Arriving at the landing, on a late season outing, I discovered ice had shutdown my primary hunting spot. In the ensuing pre-dawn panic attack, time began slipping away at an alarming rate. As legal shooting approached, flocks of migrating ducks cruised the horizon and I cursed my mistake at not having started out earlier. Quickly driving to another landing I was pleased to find partially open water on one of the larger lakes. Though certainly not as favorable as my more remote hunting haunt, I had decided that the situation could have been much worse.
Paddling across the lake surface a thin layer of ice creaked and crunched as the kayak slid through the water. The sanity of my actions came into question as I pondered just how effective a life jacket would be in water temperatures hovering just above freezing. I believe that life expectancy can’t be much more than 10-15 minutes so at that point a life jacket only serves as a body recovery device. I determine that I needed to make sure each paddle stroke was made with care.
Frantically searching, I finally managed to find a spot on the end of a small island that looked promising. Though I had to remove a large “For Sale” sign that was blocking the swing of my shotgun on my right hand side I still felt confident in my set-up. This positive outlook in the face of the impossible seems a trait of most hunters. Where it is better to try and fail then not to try at all.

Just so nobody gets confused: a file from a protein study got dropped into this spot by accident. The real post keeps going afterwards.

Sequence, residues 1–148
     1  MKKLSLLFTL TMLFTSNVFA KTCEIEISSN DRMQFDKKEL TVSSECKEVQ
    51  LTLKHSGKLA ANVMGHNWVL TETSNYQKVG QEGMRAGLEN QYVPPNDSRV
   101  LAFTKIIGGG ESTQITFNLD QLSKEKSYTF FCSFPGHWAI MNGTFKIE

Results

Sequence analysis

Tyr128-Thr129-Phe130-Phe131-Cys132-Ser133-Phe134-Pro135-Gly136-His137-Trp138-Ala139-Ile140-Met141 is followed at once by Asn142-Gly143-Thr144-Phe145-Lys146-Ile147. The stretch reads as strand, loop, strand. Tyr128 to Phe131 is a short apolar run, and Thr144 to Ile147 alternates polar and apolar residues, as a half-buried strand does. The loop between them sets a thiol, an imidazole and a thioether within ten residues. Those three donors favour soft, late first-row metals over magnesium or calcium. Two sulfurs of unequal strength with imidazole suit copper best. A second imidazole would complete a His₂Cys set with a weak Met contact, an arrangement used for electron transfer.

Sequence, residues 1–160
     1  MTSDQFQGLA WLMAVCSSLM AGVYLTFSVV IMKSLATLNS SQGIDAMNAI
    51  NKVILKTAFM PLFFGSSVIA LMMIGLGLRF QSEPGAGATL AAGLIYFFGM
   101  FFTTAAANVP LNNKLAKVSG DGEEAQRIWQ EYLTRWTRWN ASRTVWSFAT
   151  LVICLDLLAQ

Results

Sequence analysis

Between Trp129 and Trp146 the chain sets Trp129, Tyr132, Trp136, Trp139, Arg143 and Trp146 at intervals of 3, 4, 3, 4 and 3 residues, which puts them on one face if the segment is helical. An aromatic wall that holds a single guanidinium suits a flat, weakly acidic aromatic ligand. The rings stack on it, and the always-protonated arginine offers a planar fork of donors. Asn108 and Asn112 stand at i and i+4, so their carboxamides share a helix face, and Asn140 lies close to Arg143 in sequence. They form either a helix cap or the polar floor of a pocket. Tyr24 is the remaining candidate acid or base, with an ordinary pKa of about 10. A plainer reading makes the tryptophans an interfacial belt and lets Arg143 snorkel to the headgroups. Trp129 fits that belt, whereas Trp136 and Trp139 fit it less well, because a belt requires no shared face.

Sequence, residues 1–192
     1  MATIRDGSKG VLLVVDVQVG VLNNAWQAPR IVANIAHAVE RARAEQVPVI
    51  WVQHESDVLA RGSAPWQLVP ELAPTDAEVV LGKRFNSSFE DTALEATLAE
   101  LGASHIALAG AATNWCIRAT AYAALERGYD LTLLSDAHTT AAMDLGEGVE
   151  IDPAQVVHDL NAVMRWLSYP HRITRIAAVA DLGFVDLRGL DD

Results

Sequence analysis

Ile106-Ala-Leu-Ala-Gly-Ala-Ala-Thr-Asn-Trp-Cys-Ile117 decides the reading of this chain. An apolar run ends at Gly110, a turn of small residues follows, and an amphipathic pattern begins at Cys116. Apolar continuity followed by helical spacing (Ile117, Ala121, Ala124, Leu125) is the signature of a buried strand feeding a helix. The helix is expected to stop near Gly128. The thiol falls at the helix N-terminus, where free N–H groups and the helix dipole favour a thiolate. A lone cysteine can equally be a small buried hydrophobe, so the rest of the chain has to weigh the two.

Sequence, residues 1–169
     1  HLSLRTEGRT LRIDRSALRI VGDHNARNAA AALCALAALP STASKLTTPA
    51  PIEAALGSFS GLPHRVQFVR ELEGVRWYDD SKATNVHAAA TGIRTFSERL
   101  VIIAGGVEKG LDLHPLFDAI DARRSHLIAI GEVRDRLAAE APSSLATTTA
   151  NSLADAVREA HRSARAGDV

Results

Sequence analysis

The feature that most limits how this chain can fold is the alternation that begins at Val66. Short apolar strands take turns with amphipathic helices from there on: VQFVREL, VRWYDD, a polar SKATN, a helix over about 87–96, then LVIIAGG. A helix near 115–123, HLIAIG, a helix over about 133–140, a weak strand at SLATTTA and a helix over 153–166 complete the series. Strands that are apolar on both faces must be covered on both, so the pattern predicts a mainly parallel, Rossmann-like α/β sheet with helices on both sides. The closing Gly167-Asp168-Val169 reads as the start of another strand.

I could feel the tension in my neck building, as I was now surrounded my half million dollar lake front homes. Despite this fact, I refused to believe that game wardens would find me all that interesting. As the morning wore on, however, I began playing various scenarios through my head inducing a level of paranoia that had the National Guard storming the island and taking me in as an international terrorist. Suffice to say the authorities never arrived.
Flights of 45-50 geese could be seen in the distance moving slowly south. I hold the goose call to my mouth and blow a couple honks knowing full well that my chances of having a flock turn and investigate are about a million to one. Still there is always that remote chance.
As my sixth shot echoed down the frigid lake, I began to ponder the mathematical complexities that had magically caused me to continue to shoot worse as the waterfowl season progressed. Shouldn’t the laws of statistics dictate that a hunter’s expenditure of rounds be directly proportional to an increase in hit percentage? Unfortunately, my multiple sessions a field throughout the last two months had somehow worked against me and I was firing worse now than on the season opener. Didn’t the old adage say something about practice making one perfect?
Pulling the mangled hen mallard from the icy waters, I noted a full shot of #2s had penetrated the duck directly in the right breast. The resulting bloody mess was reminiscent of what would occur by combining red meat, gun powder and an open flame. Paddling my predator kayak back to the island, I vowed that my next shot would be more “accurate”. To help me in this endeavor, I began to run the waterfowler mantra over and over through my head . . . “shoot where it eats not where it sheats”.
Another duck did not come to me this day and numb fingers and frozen toes finally indicated that it was time to return home.